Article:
1.4  Examples of HMO

In line with the definition of a HMO (three storey propery, occupied by five or more individuals, forming two households), the properties most likely to fall within its definition are:

  • A house consisting of bedsits.
  • A house or flat share with the occupiers having separate tenancy agreements.
  • A hostel.
  • A bed-and-breakfast hotel used not just for holidays, for example includes longer term residents.
  • Student accommodation. This excludes student accommodation owned by educational establishments, such as halls of residence.

2.  Added responsibilities of a HMO landlord

If a property has been designated a HMO, the landlord will have more responsibilities than with a traditional rental property.  These responsibilities include:

  • Ensuring the property is not overcrowded.
  • Communal areas are well maintained.
  • Adequate cooking and washing facilities are provided.
  • Adequate facilities for removing refuse.
  • Fire safety measures are in place and being followed.

A landlord can be reported to the local council by a tenant should they not fulfil these responsibilities.  If a landlord is found to have breached one of the requirements of their licence they will have committed a criminal offence and are liable to be fined.  More details on the costs to a landlord of breaching the HMO licensing can be found in the K&G Lettings Limited article ‘A Landlords guide to Houses in Multiple Occupation Legislation’.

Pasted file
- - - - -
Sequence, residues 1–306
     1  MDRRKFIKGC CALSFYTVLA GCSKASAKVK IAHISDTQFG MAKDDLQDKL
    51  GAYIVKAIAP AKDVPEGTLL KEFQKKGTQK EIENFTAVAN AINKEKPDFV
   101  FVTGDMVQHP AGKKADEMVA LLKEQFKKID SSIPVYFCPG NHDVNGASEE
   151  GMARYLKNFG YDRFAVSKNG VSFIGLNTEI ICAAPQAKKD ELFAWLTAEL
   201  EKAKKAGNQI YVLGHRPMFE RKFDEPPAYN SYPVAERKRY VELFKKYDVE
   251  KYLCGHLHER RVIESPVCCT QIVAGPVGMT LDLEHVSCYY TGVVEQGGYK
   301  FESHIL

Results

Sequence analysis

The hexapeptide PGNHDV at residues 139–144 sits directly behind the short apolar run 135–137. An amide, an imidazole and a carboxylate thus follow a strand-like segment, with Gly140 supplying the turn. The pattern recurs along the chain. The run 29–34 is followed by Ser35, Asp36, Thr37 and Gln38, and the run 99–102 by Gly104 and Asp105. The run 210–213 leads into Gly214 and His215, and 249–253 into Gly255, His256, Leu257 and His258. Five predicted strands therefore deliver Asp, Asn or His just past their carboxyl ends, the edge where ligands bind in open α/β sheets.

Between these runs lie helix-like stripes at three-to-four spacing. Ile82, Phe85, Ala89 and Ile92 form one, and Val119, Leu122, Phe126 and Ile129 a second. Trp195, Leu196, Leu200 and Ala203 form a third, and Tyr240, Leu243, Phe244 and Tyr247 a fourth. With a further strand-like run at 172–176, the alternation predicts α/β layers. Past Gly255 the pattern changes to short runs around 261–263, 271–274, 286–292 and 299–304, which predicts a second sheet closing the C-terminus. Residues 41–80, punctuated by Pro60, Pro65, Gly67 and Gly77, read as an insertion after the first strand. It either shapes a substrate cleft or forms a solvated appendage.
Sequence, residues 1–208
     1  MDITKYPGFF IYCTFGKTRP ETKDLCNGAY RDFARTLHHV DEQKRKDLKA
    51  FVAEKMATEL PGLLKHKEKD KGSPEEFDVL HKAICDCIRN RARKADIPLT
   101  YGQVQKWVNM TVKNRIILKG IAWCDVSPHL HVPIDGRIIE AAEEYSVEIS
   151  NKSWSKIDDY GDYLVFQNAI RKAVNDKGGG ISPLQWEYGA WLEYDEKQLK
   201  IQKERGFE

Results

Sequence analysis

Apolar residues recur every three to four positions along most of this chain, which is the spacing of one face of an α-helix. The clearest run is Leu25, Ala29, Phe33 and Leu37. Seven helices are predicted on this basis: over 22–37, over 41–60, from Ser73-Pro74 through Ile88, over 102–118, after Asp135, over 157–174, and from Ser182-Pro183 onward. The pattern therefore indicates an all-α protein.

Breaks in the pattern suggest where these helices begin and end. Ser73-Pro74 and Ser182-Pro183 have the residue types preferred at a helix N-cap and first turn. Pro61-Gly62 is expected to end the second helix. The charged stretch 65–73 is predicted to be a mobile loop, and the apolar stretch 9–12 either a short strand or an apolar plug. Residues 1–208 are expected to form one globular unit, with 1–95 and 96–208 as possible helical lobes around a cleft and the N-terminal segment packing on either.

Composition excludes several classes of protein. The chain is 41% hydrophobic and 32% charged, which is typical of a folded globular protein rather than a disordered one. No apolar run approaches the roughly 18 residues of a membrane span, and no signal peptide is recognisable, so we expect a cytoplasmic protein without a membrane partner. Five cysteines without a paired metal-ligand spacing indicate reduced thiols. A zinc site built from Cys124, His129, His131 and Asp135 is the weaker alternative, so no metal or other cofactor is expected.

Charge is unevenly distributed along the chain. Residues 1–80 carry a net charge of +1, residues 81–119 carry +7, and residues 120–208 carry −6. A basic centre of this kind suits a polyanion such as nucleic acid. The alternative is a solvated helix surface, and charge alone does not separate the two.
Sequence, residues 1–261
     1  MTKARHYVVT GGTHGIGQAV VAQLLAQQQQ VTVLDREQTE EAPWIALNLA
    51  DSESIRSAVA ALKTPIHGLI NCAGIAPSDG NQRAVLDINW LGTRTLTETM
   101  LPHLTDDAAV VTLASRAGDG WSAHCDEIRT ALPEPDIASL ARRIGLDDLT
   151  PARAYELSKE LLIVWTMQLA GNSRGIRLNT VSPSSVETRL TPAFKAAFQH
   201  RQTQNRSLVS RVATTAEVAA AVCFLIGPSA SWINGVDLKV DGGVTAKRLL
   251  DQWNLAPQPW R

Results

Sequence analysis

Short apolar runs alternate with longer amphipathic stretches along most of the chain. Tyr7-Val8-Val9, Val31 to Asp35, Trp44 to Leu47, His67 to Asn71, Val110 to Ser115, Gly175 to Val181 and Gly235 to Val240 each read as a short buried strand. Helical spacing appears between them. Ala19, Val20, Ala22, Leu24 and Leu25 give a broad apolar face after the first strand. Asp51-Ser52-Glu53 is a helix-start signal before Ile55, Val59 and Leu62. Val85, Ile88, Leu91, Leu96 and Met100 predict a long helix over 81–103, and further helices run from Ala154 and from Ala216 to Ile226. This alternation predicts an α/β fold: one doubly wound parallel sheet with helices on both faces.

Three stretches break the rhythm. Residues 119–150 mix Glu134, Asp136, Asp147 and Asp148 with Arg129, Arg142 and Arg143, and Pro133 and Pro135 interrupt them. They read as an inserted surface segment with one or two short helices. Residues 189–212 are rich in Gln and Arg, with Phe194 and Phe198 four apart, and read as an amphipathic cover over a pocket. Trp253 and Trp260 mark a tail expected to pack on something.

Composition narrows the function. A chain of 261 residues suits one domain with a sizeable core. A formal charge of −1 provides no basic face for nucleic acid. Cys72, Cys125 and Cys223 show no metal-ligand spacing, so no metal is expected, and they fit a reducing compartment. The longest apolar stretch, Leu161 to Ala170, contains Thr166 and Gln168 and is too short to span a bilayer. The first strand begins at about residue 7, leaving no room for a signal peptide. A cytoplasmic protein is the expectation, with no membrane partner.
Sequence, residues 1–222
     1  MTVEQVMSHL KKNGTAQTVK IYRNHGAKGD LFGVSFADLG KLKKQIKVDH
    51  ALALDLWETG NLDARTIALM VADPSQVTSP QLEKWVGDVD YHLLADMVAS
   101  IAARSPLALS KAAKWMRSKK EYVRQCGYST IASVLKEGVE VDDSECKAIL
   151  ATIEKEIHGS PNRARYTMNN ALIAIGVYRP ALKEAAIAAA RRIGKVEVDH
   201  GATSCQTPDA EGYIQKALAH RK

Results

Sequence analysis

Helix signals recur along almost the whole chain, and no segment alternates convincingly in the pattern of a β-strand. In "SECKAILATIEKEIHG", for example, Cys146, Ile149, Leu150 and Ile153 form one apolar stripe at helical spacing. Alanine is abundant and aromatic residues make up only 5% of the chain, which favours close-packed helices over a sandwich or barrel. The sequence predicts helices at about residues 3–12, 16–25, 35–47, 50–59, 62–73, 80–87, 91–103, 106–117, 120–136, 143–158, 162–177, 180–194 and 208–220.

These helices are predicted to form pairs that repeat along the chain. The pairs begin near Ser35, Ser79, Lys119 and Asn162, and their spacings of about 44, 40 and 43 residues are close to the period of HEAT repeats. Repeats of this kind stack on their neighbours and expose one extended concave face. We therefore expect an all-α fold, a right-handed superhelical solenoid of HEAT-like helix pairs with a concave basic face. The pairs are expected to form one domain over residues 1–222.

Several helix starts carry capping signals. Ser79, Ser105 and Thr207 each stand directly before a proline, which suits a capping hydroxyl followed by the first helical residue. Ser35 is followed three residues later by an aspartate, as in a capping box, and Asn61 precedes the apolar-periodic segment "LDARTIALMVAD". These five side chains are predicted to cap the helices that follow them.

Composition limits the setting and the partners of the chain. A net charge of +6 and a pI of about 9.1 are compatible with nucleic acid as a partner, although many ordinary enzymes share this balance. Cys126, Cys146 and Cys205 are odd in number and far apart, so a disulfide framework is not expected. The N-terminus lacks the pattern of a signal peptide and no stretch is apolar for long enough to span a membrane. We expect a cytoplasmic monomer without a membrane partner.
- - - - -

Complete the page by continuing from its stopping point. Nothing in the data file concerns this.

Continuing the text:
3.  Reporting landlords for not complying with their licence

Tenants can report landlords who do not comply with their licence and meet their added responsibilities by contacting the council who granted the license.   Complaints are usually directed to the Environmental Health Department who are normally responsible for enforcing the licenses granted by a council.

4.  Investing in HMOs

Investing in HMOs is one sector of investing in residential property and one that can produce a high cashflow.  When investing in HMO property, the cliché of location, location, location is key, more so than with single dwelling properties.  This is because the demand for this type of property is usually concentrated in a smaller geographical area.

In the instance of student accommodation, which form a significant number of HMOs it is essential to be located close to a University or college.  Additional demand for HMOs exists in areas with high house and rental prices (e.g. London), where young professionals are unable to purchase or rent affordable property.  The demand for HMOs let to young professionals is not as geographically concentrated when compared to student accommodation, however, proximity to transport links is an advantage.